Having deep-sixed its $160 billion merger with Allergan, and the tax savings the inversion deal had promised, Pfizer is already looking at ways to cut costs. Manufacturing looks to be one area where it hopes to cut costs by 20% on some key products in coming years.
That is the message given to employees at Pfizer’s plants in Little Island and Ringaskiddy in Cork County, Ireland, the Irish Examiner reports. The plants make the API for Lipitor and other drugs. The site has already cut costs an average of 34% at the two plants in recent years, improvements that helped the Little Island facility avoid Pfizer’s earlier decision to shutter it.
Seamus Fives, who oversees the two facilities, told the Examiner that the plant employees had “stopped the rot” at the operations but would need to remain focused on efficiency and redouble efforts to be competitive.
The observation followed the decision announced Wednesday by Pfizer and Allergan to cancel their tax inversion-based merger after the U.S. Treasury rolled out even more new rules, specifically targeted at stopping it. The inversion would have cut Pfizer’s U.S. tax bill significantly because it planned on taking on Allergan’s domicile in Ireland, a low-tax country, while its management could have remained ensconced in New York. This deal, and others like it, have been criticized by some politicians and others for being nothing but tax dodges.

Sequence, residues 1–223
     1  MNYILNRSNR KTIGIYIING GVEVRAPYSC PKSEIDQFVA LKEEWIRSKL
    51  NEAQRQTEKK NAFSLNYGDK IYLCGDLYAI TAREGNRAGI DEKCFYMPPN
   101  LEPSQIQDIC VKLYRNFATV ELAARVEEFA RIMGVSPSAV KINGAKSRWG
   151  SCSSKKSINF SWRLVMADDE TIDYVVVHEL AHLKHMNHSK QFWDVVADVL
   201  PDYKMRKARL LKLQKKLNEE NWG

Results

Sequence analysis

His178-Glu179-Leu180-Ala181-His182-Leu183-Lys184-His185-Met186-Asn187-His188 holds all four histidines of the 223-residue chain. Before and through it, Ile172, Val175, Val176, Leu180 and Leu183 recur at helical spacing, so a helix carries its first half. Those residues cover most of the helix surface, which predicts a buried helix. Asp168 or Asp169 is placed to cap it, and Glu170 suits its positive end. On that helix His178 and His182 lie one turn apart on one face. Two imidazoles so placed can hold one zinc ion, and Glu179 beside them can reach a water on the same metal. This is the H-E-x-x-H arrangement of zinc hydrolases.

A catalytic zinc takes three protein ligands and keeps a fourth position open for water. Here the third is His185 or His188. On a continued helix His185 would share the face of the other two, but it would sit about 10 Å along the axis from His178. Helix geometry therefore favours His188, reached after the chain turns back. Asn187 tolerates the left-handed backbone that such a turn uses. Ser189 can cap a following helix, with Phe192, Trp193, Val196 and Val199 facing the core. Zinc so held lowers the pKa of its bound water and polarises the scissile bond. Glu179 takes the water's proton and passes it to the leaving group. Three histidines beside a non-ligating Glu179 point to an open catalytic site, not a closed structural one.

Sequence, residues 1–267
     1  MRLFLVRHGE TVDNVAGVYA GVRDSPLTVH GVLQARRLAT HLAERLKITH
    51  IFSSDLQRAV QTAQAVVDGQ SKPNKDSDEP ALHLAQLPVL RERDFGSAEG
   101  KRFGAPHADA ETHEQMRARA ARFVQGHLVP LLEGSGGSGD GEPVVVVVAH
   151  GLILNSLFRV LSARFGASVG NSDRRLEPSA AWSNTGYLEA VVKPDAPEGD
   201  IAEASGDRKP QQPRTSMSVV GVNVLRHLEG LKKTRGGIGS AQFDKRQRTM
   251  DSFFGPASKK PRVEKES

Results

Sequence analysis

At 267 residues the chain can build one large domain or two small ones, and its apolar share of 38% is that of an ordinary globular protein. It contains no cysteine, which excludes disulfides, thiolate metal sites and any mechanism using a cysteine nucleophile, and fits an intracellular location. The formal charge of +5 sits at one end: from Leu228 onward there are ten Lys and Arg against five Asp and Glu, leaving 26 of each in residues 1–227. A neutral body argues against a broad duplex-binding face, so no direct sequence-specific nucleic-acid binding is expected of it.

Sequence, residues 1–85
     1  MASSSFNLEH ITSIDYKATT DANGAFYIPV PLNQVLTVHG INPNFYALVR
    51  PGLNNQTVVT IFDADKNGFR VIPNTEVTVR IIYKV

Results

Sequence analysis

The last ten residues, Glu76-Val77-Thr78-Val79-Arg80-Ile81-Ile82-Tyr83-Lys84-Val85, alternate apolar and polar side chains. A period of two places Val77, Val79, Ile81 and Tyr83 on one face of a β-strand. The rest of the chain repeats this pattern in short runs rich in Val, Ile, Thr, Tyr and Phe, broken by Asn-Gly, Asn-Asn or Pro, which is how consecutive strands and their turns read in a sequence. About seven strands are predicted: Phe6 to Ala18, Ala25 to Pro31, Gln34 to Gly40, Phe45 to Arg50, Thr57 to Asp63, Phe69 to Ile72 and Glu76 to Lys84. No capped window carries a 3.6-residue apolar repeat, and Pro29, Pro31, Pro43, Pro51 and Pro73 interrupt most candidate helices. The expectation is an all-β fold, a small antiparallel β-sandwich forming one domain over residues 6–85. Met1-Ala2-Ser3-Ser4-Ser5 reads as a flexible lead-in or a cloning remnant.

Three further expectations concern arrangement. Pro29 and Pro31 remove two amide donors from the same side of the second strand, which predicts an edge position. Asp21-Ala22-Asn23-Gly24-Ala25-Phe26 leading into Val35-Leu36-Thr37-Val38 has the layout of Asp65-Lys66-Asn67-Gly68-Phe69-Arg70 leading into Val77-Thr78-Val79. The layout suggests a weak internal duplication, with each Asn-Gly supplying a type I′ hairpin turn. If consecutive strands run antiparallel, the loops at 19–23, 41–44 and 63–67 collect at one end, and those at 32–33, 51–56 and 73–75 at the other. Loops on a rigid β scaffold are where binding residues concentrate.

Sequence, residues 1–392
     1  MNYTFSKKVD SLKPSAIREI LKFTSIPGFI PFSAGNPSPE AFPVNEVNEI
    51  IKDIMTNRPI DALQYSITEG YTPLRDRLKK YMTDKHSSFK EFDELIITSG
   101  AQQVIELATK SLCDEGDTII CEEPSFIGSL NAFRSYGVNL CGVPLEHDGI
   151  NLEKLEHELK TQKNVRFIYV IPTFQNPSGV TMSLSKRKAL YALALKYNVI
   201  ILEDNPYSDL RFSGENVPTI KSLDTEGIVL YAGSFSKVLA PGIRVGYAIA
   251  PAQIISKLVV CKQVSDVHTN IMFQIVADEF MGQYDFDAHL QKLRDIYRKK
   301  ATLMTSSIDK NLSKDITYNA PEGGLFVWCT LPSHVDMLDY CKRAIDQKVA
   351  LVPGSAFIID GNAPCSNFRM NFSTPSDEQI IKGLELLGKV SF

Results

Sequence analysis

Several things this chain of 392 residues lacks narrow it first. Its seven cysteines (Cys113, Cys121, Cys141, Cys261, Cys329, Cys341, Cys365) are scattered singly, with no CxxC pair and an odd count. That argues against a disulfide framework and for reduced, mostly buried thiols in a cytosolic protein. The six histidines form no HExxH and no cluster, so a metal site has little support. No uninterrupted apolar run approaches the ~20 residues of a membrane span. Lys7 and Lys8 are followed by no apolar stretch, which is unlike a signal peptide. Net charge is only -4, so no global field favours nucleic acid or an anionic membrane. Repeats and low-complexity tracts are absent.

The employees in Cork are already steeped in the vicissitudes of the pharma world. The drugmaker announced its plan to consolidate its manufacturing in Ireland in May 2013, expecting to be fully out of the Little Island plant by August 2014. However, due to the efficiency improvements and “unexpected increase” in Lipitor demand, Pfizer postponed the closure and then canceled it last year. The facility, helped by sales strength of a couple of cancer drugs for which it makes the APIs, actually added employees late last year.
By Eric Palmer
Source: Fierce Pharma Manufacturing
The deal will see Microsoft use its capabilities in computational services, cloud computing and artificial intelligence to support drug discovery and development at UCB.
The planned closures come as GSK has agreed to sell its cephalosporins antibiotics business to Sandoz, a division of Swiss pharma firm Novartis, for as much as US$500m.
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